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Facts on Cypress Trees

By Anna Aronson ; Updated September 21, 2017
Several types of cypress trees can be grown throughout the United States and other parts of the world.

The cypress is a vast and varied group of trees that includes both evergreen and deciduous trees. Species include the Leyland cypress, bald cypress, Italian cypress and Arizona cypress. Cypress trees can be grown in many parts of the United States and throughout the world. Each species is unique in its appearance and growing conditions.

Leyland Cypress

Leyland cypress are fast-growing and can add about 3 to 4 feet in height annually in their early years. Maximum height is usually 40 to 50 feet. Leyland cypress is an evergreen with soft needles on flat branches. These trees can grow in many soil conditions, but do not always grow well in climates with cold winters. The Leyland cypress is hardy in zones 6 to 10.

Bald Cypress

The bald cypress is a deciduous tree with needle-like leaves. They thrive in wet, swampy areas and are common in coastal regions in the South. However, they are hardy in zones 4 to 10 and grow well in many drier, cooler areas as well. Bald cypress can get quite tall--between 50 and 70 feet--and can live for hundreds of years.

Italian Cypress

The Italian cypress is an evergreen that grows tall but will remain very narrow. Although they can be as tall as 60 feet, they do not usually grow to be more than 6 feet wide. They do not grow well in cold climates and are hardy in zones 7 to 11.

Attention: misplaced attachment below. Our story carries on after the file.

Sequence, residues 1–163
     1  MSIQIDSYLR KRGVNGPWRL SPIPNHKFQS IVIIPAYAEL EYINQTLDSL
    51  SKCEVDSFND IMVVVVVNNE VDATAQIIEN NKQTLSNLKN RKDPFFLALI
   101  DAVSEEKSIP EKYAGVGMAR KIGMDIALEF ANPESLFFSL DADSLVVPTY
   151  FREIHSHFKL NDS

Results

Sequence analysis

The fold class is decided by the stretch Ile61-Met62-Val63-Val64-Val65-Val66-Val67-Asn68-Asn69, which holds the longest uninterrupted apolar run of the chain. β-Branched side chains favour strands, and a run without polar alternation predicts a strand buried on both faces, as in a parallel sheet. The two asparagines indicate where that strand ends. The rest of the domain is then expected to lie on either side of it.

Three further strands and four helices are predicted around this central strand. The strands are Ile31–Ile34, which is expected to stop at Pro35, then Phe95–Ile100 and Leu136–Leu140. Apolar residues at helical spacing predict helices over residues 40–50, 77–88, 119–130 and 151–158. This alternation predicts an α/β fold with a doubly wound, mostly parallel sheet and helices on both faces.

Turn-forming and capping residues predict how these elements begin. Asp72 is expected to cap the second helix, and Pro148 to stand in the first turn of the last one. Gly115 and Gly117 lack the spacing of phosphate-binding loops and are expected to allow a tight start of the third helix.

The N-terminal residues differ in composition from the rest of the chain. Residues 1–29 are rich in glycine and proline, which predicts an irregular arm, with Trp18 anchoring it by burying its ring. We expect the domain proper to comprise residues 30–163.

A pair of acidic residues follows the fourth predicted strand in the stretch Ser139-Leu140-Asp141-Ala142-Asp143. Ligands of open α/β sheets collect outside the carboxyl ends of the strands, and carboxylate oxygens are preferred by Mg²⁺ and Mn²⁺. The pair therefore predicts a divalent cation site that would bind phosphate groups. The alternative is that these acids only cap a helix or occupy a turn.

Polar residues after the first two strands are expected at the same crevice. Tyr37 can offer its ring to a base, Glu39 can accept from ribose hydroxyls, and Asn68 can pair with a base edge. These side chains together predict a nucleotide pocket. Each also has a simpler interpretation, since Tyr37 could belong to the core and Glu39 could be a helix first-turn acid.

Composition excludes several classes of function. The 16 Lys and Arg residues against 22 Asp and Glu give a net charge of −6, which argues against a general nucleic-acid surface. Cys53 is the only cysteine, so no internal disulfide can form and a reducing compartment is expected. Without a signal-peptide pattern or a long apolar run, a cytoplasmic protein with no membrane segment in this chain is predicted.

Arizona Cypress

As the name implies, Arizona cypress trees grow in the Southwestern United States and do well in very dry and hot environments. They are evergreens and top out at about 50 feet tall. Because they are well-adapted for desert-like environments, they are only hardy in zones 7 to 9.

Pond Cypress

Pond cypress trees are also common in the United States. They are similar to bald cypress and also prefer a wet and swampy environment. They get their nutrients from slow-moving groundwater. Although similar to bald cypress, they grow more slowly and do not usually get as tall.


About the Author


Anna Aronson began working as a journalist in 2000 and spent six years at suburban Chicago newspapers before pursuing freelance work. She enjoys writing about health care topics, in particular obstetrics, pediatrics and nutrition. She received a Bachelor of Arts in journalism from Eastern Illinois University and is now studying for a Master of Science in medicine degree to become a physician's assistant.